Going off the grid seems romantic at first, but unfortunately, women are often the first to encounter the worst realities of homesteading.
New York City and the rest of the tri-state area are getting their first wave of "passive houses," a type of construction in which a building is so well-insulated that it doesn't require heating in the winter.
"Katrina cottages," alternatives to FEMA trailers used after Hurricane Katrina, find new life around the country as housing and educational facilities.
Thomas Edison's great-grandson, David Edison Sloane, is not mincing words when it comes to the GOP wanting to repeal energy-efficiency standards for light bulbs: As an inventor, Edison would have no interest in turning back the legislative clock. The wizard of Menlo Park dedicated himself to advancing human comfort, not freeze life as we knew it in 1879. Oh snap! Edison's great-grandson just called you retrogressive.
The economy sucks, housing prices have yet to hit bottom, and your biggest fixed expense is almost certainly rent, unless it's summertime, in which case it's your electricity bill. Sounds like it's time to lead a richer life by reducing your dependence on worldly goods and wasted energy, no?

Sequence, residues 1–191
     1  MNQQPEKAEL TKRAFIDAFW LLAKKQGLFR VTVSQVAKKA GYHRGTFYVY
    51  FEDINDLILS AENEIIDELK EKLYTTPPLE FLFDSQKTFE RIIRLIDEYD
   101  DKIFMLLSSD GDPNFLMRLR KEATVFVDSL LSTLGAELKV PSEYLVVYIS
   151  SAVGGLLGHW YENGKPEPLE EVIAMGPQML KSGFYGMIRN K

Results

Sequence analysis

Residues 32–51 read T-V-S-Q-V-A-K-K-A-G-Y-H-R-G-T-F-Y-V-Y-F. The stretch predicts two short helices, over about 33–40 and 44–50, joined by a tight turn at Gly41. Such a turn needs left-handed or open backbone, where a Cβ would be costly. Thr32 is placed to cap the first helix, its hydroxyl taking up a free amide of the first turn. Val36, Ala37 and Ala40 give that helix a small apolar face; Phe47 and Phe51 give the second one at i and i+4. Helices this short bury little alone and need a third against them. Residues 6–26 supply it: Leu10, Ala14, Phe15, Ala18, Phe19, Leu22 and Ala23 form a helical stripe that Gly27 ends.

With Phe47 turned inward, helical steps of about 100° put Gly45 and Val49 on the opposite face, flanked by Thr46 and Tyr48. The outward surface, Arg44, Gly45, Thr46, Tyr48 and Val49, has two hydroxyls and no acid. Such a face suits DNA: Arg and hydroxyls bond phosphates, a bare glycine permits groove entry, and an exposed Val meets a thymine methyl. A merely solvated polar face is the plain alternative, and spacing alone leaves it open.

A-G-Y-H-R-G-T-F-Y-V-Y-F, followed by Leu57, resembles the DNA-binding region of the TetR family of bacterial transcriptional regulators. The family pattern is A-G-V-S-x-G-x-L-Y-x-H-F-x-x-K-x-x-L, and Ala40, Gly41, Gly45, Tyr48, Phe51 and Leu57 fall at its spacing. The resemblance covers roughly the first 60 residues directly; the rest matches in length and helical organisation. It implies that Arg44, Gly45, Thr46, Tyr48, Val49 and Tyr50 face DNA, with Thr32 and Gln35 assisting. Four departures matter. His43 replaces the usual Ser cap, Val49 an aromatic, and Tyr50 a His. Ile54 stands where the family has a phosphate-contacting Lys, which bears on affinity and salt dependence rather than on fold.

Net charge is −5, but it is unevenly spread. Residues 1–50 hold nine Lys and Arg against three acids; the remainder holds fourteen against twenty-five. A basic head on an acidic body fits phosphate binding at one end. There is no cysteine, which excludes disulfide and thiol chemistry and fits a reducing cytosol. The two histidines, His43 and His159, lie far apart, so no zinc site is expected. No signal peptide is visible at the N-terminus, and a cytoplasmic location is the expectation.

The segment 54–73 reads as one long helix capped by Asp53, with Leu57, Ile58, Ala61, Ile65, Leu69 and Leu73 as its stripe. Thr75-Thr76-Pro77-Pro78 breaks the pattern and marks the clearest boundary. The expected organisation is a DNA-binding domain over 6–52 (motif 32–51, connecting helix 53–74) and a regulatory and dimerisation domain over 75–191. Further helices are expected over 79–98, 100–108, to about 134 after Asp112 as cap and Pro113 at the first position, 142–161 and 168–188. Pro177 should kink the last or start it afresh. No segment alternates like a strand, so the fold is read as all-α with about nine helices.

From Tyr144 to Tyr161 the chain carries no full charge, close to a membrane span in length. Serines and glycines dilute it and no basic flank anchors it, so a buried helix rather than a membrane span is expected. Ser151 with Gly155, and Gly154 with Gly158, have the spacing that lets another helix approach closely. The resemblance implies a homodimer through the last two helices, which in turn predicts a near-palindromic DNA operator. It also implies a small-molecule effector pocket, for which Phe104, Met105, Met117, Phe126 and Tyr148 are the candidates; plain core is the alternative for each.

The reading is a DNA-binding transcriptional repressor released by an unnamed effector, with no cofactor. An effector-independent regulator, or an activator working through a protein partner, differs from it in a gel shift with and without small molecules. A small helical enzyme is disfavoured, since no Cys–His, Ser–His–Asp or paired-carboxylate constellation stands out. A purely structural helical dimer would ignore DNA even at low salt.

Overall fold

The green movement doesn't have much use for lawns. Yeah, they make suburban enclaves look tidy and uniform, but really, would it be so effing bad if your house had something useful -- say, a vegetable garden -- instead of a high-maintenance water-hog outdoor carpet? What's the worst that could happen? Well, as Michigan woman Julie Bass discovered, if your city planner is certifiably power-crazy, you could be looking at 93 days in jail.
There's been a small vogue for houses and buildings made of shipping containers, which are cheap, plentiful, and often end up tossed in the sea (either on purpose or otherwise). This airy two-container dwelling is one of the prettiest we've seen, and it only cost $40,000 to build.